• Ask about any policies regarding visitors or decorations. Some apartments have very fine print regarding extra costs for guests who may stay the night, or what types of wall decorations you can put up. Be sure you know what's allowed as you tour the apartment.
  • Ask what apartment you would be moved into, should you buy a contract. Some apartment complexes can be sneaky, and will show you their nicest apartments, leading you to believe that the others will be just as nice, when in reality the rest will be sadly lacking. Ask to see a room on the other side of the building and consider which view you would like best, if that's important to you.
  • Ask to see a contract example. Be sure you read through it thoroughly and understand the finer points. It's best to do this at the conclusion of your appointment, when the landlord is still around to clarify information in the contract you may not understand.
  • Ask about roommates and private rooms. If at all possible, ask to meet potential roommates ahead of time and get to know them. If you have them and can afford it, search for apartments with private rooms that have locking doors. Your roommates may forget to lock the front door on occasion, or you just may not feel comfortable with some of the guests they have over. A locking door can be a lifesaver.

Bad Roommates?

Have you had awful roommates before? Share your stories and advice in the comments section below!

Things to Know as a New Apartment Owner

Now that you know as much as possible about all possible apartments, make your informed decision carefully. Be sure there's enough room for your belongings, and if at all possible, know your roommates before moving in.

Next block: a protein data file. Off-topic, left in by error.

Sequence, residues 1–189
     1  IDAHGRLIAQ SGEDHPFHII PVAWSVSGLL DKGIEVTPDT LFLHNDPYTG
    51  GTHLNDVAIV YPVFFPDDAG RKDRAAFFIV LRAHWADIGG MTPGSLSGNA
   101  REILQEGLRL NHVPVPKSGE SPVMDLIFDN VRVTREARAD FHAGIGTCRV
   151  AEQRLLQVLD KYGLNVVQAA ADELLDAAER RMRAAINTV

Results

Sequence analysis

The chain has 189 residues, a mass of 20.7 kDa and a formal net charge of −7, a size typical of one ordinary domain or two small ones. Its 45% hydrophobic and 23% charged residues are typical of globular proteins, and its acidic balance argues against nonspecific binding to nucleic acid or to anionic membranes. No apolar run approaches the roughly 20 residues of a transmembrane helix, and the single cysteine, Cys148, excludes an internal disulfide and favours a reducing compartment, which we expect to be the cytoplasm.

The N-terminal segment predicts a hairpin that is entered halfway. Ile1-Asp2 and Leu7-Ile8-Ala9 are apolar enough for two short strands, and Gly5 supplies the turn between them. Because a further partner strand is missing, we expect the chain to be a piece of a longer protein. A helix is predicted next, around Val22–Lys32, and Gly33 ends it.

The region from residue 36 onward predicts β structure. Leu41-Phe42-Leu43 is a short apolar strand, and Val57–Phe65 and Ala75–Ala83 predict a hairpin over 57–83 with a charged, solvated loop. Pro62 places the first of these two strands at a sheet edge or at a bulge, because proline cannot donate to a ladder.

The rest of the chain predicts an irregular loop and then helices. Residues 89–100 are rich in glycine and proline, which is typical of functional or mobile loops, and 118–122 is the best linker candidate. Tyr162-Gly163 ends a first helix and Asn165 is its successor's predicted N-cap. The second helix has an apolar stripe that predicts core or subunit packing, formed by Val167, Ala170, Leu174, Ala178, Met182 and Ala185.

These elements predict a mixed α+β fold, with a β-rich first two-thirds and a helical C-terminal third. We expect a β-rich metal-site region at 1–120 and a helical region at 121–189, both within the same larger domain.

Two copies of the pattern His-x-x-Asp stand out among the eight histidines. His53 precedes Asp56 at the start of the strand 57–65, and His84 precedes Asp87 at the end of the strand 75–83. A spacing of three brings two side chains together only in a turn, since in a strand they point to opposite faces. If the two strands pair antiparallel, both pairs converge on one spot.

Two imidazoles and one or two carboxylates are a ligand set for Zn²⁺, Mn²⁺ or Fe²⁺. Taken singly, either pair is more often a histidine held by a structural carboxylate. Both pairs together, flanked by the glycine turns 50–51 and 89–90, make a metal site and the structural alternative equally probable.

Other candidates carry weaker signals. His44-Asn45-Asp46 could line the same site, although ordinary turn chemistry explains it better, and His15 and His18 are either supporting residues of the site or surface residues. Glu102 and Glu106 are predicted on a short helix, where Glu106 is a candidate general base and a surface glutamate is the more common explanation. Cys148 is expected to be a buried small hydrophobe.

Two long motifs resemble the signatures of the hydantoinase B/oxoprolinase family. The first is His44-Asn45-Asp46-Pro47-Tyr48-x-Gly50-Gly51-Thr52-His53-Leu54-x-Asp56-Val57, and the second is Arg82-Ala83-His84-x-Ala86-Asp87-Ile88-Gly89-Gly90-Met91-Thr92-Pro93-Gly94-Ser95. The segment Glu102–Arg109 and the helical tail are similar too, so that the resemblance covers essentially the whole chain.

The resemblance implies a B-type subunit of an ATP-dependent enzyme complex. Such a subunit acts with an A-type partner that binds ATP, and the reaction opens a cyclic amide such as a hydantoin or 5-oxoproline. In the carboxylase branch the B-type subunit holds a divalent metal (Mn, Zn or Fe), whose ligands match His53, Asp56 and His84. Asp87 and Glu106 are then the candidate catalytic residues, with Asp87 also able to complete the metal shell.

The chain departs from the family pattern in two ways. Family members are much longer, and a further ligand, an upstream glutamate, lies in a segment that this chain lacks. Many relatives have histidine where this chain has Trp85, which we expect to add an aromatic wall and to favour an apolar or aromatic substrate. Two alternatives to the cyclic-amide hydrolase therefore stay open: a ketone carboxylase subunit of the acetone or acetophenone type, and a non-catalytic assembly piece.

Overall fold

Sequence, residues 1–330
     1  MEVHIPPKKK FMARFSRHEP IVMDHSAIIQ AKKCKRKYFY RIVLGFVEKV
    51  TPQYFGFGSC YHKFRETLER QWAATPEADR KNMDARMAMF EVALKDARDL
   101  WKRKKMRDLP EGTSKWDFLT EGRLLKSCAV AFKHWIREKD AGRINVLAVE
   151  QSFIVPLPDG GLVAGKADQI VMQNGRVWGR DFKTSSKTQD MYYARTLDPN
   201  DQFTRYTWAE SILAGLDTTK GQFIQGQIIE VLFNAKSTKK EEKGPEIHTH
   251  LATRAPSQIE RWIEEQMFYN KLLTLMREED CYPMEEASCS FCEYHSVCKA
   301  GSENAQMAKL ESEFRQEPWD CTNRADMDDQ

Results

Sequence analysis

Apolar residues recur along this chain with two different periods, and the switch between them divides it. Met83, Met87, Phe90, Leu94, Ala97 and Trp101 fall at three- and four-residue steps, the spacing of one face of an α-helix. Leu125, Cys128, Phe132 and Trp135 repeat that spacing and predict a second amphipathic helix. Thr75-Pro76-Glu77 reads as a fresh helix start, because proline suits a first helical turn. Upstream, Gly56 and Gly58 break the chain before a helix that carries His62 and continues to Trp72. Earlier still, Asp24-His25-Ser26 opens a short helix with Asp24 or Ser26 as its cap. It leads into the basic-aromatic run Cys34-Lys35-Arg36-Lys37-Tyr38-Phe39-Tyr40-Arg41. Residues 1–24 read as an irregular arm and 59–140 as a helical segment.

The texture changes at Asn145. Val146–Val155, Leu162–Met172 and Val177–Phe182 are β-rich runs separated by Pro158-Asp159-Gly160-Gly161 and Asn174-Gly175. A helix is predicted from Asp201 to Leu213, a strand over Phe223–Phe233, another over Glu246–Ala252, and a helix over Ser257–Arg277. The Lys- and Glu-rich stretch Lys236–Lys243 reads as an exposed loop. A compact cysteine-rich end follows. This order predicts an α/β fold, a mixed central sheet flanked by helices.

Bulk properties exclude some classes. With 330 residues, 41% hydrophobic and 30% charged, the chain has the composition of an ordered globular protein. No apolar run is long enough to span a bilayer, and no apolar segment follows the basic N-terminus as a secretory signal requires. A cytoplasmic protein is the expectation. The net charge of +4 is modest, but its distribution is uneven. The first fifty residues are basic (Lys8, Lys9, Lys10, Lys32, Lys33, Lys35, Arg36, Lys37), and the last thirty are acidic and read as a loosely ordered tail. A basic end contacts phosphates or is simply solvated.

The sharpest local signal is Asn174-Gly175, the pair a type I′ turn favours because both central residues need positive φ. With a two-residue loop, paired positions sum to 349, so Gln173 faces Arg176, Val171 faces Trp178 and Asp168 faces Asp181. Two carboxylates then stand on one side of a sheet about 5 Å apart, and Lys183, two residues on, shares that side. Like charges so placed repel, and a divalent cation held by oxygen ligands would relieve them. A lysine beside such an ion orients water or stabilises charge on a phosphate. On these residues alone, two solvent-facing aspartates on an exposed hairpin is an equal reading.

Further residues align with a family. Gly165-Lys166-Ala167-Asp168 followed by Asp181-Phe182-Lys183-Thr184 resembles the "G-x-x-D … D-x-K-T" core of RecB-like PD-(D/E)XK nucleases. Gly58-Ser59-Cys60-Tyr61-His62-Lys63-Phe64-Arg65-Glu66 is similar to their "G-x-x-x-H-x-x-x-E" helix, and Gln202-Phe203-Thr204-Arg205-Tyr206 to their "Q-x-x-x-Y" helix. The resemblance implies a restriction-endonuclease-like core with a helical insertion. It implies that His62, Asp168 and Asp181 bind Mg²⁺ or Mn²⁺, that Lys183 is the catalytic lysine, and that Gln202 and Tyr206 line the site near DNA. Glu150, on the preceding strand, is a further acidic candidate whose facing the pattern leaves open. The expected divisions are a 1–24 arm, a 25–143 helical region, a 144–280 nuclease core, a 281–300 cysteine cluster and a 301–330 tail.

I just finished apartment shopping, and I moved into an awesome apartment, except for my three roommates who speak Spanish 24/7 and steal my eggs. It's not the best situation, and roommates can make or break your apartment experience. I wish I had asked about roommates before I moved in.

Be sure to keep on good terms with your renter or landlord and keep them updated on any problems with your new apartment. When you move in conduct a thorough inspection of your apartment. Write down things that are broken or poor quality. Make note of chips or scratches on the furniture or paint and make sure your landlord knows they existed before you moved in. You don't want to get charged for something you didn't do.

Enjoy your new apartment and the new change of scenery. If this is your first time on your own, enjoy the freedom, but be sure to meet your neighbors and get to know people in the neighborhood.


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    • cclitgirl profile image

      Cynthia Calhoun 5 years ago from Western NC

      I have not had the pleasure of apartment hunting: I've always lived in a house of one sort or other, but sometimes with roommates. But the information is good here and very sound. It pays to research and find out because you don't want to have renter's remorse and be stuck in a lease that you want to break. Votes up! :)

    • theclevercat profile image

      Rachel Vega 5 years ago from Massachusetts

      Room inspection is a great idea! I wish I had thought of that when I was seeking my first apartment. Voted up and useful.